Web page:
The Christmas election

It looks like were in for an election sometime in the new year. Already, this is being dubbed as a ‘Christmas’ election in the hopes that a few people may vote against the instigators.

Here’s what I will be looking for before I cast my vote.

The party that articulates the clearest vision for economic development in Atlantic Canada.

The party that agrees that government, as representative of us, must play an active role in economic development.

The party that will cast aside old models that clearly haven’t worked.

The party that will agree that we need to attract and support the development of new industries in Atlantic Canada to replace those that are declining.

The party that will say “if it’s good enough for Ontario and Quebec, it’s good enough for Atlantic Canada” (read: the massive industrial development spending on auto, aero, etc.)

The party that will agree that rural decline is not inevitable – that we need to spend a lot more effort on community renewal and a lot less on ‘easing the decline’.

The party that will not sugar coat the extent of the problems in Atlantic Canada. Pretending things are getting better belies the seriousness of the problems.

Think any of the parties will agree to my conditions?

Me neither.

But it felt good getting it out there anyway.

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0 Responses to The Christmas election

  1. vivenewbrunswick says:

    Boy that’s a ‘wishful thinking’ list, we already KNOW what the parties say:

    Liberals:doodley squat for economic development for the maritimes

    Conservatives: Promise even less, in fact want to decimate ‘regional development’ altogether.

    NDP: More spending but not in economic development. Personally this at least sounds the best of the three but since the NDP has zero chance of getting elected why bother?

    Greens: Still awaiting instructions from planet ‘yerkiddinright’. I actually voted Green last time to give them that $2 and in the hopes that perhaps four ‘visible’ parties will mean they will look at proportional representation. Greens can at least tout the highest increase in proportional voters of all parties. Ironic that more canadians voted green and have zero representation than maritimers voted liberal who have lots of representation (liberals I mean, not relative to the country)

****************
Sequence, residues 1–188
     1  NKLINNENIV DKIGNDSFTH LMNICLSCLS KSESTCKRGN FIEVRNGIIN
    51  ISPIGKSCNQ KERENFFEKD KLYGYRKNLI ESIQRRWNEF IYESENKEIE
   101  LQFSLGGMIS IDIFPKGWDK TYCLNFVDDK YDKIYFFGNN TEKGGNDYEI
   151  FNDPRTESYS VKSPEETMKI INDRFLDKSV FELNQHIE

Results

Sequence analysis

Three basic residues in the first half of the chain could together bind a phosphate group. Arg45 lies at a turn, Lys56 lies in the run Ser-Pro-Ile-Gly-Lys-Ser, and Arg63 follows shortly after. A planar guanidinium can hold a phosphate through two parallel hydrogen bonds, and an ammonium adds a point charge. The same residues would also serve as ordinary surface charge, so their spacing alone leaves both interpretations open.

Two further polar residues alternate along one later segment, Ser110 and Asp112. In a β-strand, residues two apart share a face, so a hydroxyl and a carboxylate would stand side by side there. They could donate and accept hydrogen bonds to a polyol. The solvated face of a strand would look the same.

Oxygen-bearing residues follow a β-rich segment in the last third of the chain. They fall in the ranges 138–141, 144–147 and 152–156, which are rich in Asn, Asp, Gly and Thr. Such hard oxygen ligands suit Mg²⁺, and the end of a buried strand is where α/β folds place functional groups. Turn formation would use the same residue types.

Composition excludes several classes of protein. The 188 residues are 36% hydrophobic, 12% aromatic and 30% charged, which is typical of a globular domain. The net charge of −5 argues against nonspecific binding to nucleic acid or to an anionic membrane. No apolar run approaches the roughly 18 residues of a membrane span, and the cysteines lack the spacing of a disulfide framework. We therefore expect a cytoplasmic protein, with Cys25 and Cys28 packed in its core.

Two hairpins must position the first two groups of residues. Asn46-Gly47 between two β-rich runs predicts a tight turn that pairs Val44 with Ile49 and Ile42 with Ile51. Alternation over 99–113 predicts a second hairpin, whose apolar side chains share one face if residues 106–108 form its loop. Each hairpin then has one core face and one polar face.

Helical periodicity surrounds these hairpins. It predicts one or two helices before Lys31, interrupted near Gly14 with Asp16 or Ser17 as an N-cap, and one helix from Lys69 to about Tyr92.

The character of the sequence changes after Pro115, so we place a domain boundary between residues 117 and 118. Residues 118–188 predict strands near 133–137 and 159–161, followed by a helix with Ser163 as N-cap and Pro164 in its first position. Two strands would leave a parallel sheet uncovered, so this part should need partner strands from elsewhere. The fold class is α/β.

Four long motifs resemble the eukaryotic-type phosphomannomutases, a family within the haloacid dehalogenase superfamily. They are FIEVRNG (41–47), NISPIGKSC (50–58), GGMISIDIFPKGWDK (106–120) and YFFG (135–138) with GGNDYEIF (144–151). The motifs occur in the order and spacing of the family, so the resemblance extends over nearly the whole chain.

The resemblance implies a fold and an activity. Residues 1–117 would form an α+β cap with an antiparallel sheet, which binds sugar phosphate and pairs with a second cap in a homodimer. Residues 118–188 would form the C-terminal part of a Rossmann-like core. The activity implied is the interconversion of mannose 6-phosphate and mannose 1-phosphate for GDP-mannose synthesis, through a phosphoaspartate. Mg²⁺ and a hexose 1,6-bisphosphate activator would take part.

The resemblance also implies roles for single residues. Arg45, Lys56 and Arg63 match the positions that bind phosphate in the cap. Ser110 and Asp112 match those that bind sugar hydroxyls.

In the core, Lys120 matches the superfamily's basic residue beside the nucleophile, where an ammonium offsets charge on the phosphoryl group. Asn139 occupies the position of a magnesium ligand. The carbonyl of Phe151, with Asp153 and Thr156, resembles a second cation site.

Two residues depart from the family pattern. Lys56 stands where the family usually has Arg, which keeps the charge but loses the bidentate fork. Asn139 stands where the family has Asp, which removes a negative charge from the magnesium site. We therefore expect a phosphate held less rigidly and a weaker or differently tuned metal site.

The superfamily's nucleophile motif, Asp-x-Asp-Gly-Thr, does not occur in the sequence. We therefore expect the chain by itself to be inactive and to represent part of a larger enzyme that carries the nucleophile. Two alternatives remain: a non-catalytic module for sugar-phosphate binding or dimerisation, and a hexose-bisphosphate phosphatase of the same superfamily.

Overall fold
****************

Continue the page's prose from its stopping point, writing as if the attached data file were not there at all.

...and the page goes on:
Other than that the only real alternative is not voting. If there were a political organization, besides small groups like ‘eatthevote’, who were advocating not voting as a way to effect a political change I’d go for it. However, almost half of canadians don’t bother voting and they haven’t blinked an eye, I have a feeling if 1% of voters showed up they still be calling it ‘a great victory for democracy’.

    I saw a bumper sticker the other day that said:

    “Don’t Vote-You’ll just encourage them!”

  2. David Campbell says:

    It might be interesting to see a Green Party economic development strategy. It is clear that the ‘environment’ in a general sense is becoming a real economic driver (alternative energy, waste management, organics, etc.). I wouldn’t be averse to a well crafted plan to help a place like NB leverage this. I don’t recall ever seeing an economic development strategy built around these concepts. It would have to be specific and lead to investment and job creation (leading to increased taxes paid allowing us to provide our social infrastructure, yadda, yadda, yadda) but it would be interesting to pursue.

  3. vivenewbrunswick says:

    It’s bad when even Ontario is getting ahead of NB, but recently a new plan has the funding for a few HUNDRED wind turbines-finally. New Brunswick, as usual is still toting the nuclear agenda. Ontario at least has the poor excuse of having so many people alternative power is not really viable, however, in NB, with hardly any people and tons of crown land there’s simply no reason solar and wind aren’t viable alternatives. In fact, a study from PEI shows that wind power is actually CHEAPER than nuclear UP FRONT.

    However, the Green Party has a pretty extensive economic development plan, in fact it has cheezed off a lot of ‘granola’ types because it has ‘adapted’ to the new world order somewhat. I especially like the democratic aspects of the party where members vote on resolutions and the executive MUST abide by grassroots vote. This is something the other party’s are simply not looking at. The Greens have even accepted nuclear power as the ‘greenest available alternative’ due to member votes.

    This is another reason to vote for greens, since canada is essentially a liberal government which pilfers popular policies from other parties. The more that vote for Green, the more they know how seriously people take the environment.

  4. scott says:

    You have three choices:

    More of the same

    More of the same with a dash of change

    No chance to implement change

  5. Anonymous says:

    Actually, there IS a fourth, but you have to wait til January to find out what it is:)